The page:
lecture wk1

lecture wk1 - 4/1/10
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Unformatted text preview: 4/1/10
 •  Julian’s
Office
Hours
 –  Now
Wednesdays
from
2:00
‐
4:00
 •  StaAsAcs
as
a
discipline
 •  Terminology
 •  Use
of
staAsAcs
in
research
 –  Research
Methodologies
 –  Measurement
 1
 4/1/10
 Any
func%on
of
data
 •  ProporAon,
Sum,
Average,
Minimum,
Maximum
 •  Useful
to
represent
some
aspect
of
the
data
in
a
 simple,
easy
to
understand
way
 •  Is
defined
by
an
operaAon
on
data
 2
 4/1/10
 A
set
of
mathemaAcal
procedures
for
 organizing,
summarizing,
and
 interpreAng
informaAon
 •  Prac%cal
math
 •  DescripAve:
staAsAcal
procedures
to
 summarize,
organize,
and
simplify
data
 •  InferenAal:
staAsAcal
techniques
that
facilitate
 inferences
from
samples
to
populaAons
 Obama
received
53.4%
 of
the
vote
in
the
2008
 PresidenAal
ElecAon
 66,882,230
votes
out
of
 125,225,901
votes
 Obama
is
predicted
to
 receive
55%
of
the
vote
in
 the
2008
PresidenAal
 ElecAon,
±2.1%
 Gallup
Poll
of
2472
voters,

11/2/08
 3
 4/1/10
 •  Data
(plural)
are
measurements
or
 observaAons
 •  Data
set:
collecAon
of
measurements
or
 observaAons
 •  Datum
(singular):
is
a
single
measurement
or
 observaAon,
aka.
Score,
or
raw
score
 a
characterisAc
or
condiAon
that
changes
or
 has
different
values
for
different
individuals

 •  Age,
Gender,
Height,
Facebook
user
or
not
 4
 4/1/10
 A
populaAon
is
the
set
of
all

 individuals
(units)
of
interest

 A
sample
is
a
set
of
individuals
(units)
 selected
from
a
populaAon
 •  Plankton
in
the
ocean,
People
in
the
world,
 People
at
UCSD,
Dogs
in
San
Diego
 –  Usually
intended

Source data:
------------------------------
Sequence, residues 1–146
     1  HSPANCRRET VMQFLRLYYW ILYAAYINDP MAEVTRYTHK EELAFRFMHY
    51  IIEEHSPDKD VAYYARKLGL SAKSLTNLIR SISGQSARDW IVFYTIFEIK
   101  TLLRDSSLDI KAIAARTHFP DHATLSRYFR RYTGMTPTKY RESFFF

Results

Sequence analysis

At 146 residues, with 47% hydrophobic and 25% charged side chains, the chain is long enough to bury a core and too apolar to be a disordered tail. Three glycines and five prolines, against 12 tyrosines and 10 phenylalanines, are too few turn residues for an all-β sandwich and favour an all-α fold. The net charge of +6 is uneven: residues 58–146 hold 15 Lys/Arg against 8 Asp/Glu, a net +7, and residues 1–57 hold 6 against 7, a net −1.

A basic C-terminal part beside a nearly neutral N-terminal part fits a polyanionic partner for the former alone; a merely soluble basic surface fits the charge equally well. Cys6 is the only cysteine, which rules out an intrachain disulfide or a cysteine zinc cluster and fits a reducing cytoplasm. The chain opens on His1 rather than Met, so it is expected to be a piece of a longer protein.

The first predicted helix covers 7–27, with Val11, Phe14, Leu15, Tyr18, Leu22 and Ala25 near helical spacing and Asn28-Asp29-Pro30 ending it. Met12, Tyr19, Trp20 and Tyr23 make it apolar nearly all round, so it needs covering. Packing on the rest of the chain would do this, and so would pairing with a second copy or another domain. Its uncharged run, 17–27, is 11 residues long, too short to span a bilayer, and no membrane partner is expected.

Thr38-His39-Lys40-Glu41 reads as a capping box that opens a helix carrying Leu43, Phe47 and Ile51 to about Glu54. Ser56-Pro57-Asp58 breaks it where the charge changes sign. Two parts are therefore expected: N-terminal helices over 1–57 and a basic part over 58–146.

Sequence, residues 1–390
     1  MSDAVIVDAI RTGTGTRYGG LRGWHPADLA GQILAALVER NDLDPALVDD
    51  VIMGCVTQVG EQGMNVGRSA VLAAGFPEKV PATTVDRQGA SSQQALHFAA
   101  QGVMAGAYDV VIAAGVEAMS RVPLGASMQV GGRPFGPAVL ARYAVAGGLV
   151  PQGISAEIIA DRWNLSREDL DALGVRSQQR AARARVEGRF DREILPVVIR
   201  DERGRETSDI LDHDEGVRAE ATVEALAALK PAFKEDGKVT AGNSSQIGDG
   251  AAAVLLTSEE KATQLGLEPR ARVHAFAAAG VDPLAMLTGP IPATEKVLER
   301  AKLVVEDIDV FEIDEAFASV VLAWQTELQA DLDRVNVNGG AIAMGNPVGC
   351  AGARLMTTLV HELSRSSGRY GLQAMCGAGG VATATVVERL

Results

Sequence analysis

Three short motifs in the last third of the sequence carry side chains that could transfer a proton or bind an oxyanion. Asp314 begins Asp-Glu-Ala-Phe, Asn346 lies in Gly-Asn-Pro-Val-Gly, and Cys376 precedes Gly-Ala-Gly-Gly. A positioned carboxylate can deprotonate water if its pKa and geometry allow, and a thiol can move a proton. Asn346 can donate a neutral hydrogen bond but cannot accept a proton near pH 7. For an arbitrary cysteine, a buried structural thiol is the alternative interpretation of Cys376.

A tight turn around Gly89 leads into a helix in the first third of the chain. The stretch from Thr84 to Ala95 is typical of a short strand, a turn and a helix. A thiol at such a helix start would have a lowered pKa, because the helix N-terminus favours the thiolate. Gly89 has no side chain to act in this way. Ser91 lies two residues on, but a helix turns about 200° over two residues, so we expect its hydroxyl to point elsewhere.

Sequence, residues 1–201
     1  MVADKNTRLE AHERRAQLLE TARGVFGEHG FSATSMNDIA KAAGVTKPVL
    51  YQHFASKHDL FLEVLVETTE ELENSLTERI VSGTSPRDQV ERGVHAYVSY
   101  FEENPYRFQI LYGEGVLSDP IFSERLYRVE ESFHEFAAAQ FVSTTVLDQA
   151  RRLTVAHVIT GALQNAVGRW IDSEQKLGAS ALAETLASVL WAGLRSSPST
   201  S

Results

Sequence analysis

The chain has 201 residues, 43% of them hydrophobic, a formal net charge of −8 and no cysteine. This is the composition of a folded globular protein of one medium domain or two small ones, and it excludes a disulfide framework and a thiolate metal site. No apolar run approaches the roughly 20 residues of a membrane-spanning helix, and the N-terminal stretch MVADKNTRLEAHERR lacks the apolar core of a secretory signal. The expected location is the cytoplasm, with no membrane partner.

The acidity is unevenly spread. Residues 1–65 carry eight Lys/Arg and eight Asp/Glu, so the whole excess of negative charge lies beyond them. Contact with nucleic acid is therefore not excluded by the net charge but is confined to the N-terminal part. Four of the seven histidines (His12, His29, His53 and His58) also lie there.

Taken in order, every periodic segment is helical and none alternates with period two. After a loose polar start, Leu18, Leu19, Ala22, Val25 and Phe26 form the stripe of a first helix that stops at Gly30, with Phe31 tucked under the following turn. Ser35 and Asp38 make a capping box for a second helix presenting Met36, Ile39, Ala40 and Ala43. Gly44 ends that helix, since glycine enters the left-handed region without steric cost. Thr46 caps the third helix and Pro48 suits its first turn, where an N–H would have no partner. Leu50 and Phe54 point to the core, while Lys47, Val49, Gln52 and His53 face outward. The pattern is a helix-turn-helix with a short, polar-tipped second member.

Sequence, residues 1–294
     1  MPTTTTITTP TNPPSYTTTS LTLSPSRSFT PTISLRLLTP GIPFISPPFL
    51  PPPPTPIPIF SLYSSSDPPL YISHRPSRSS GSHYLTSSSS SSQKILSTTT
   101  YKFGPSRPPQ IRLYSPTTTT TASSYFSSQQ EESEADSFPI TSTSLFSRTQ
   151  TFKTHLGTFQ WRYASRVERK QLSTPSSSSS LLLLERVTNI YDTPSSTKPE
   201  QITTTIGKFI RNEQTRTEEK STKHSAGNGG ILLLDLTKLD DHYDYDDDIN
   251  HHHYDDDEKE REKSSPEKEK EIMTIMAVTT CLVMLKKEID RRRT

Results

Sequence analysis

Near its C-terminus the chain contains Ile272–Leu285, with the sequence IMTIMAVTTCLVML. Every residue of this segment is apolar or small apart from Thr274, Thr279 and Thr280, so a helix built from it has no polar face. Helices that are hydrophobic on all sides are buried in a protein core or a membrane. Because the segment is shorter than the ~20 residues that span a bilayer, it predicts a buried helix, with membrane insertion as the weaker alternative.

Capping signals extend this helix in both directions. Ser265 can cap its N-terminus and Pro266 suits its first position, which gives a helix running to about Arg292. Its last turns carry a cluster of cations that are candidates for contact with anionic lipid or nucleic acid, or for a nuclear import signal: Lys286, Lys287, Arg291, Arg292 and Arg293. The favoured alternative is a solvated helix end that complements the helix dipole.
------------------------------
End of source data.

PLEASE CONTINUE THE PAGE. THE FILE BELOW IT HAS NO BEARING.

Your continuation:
to
“represent”
the
populaAon
 –  Usually
much
smaller
than
populaAon
 PopulaAon
 Sample
 Average
 Sum
 Maximum
score
 •  Parameter:
a
value
 (usually
numeric)
 that
describes
a
 populaAon
 •  StaAsAc:
a
value
 (usually
numeric)
 that
describes
a
 sample
 Average
 Sum
 Maximum
score
 STATISTICS
 PARAMETERS
 5
 4/1/10
 PopulaAon
 260‐
Psych
60
 students
 PopulaAon
Parameters
 Average
Age:
19.8
 Average
IQ:
110.5
 70%
Female,
30%
Male
 Sample
2
 Jake
 Laura
 Tiffany
 Sarah
 Ann
 Sample
1
 Mike
 Tom
 Jennifer
 Andy
 Lucy
 Sample
1
Sta%s%cs
 Average
Age:
21.8
 Average
IQ:
106.2
 40%
Female,
60%
Male
 Sample
2
Sta%s%cs
 Average
Age:
19.2
 Average
IQ:
112.2
 80%
Female,
20%
Male
 PopulaAon
Parameters
 Average
Age:
19.8
 Average
IQ:
110.5
 70%
Female,
30%
Male
 Sample
1
Sta%s%cs
 Average
Age:
21.8
 Average
IQ:
106.2
 40%
Female,
60%
Male
 Sample
2
Sta%s%cs
 Average
Age:
19.2
 Average
IQ:
112.2
 80%
Female,
20%
Male
 PopulaAon
 All
UCSD
 Students
 The
discrepancy
(or
amount
of
error)
that
 exists
between
a
sample
staAsAc
and
the
 corresponding
populaAon
parameter
 No
Caffeine
Group
 Group
2
Sta%s%cs
 n
=
50
 82,
77
79,
 Average
test
score:
79
 64,
81,
92,
 74,
88,
91,
 81,
79,
70...
 Caffeine
Group
 n
=
50
 86,
76,
89,
 91,
78,
89,
 67,
54,
67,
 88,
75,
90...
 Group
1
Sta%s%cs
 Average
test
score:
75
 6
 4/1/10
 Check
Your
Understanding
 A
researcher
is
interested
in
the
effect
of
amount
of
 sleep
on
high
school
students’
exam
scores.
A
group
 of
75
high
school
boys
agree
to
parAcipatein
the
 study.
The
boys
are…

 A
 B
 C
 D
 E
 •  A
staAsAc
 •  A
variable
 •  A
parameter
 •  A
sample
 •  A
populaAon
 Check
Your
Understanding
 A
researcher
is
interested
in
the
effect
of
amount
of
 sleep
on
high
school
students’
exam
scores.
A
group
 of
75
high
school
boys
agree
to
parAcipate
in
the
 study.
The
boys
are…

 Check
Your
Understanding
 A
researcher
measured
40
children
on
a
vocabulary
 test,
20
of
whom
were
homeschooled
and
20
of
 whom
went
to
public
schools.
The
homeschooled
 children
knew
on
average
10
more
words.
True
or
 false:
this
difference
of
ten
words
means
that
 homeschooled
children
in
general
know
more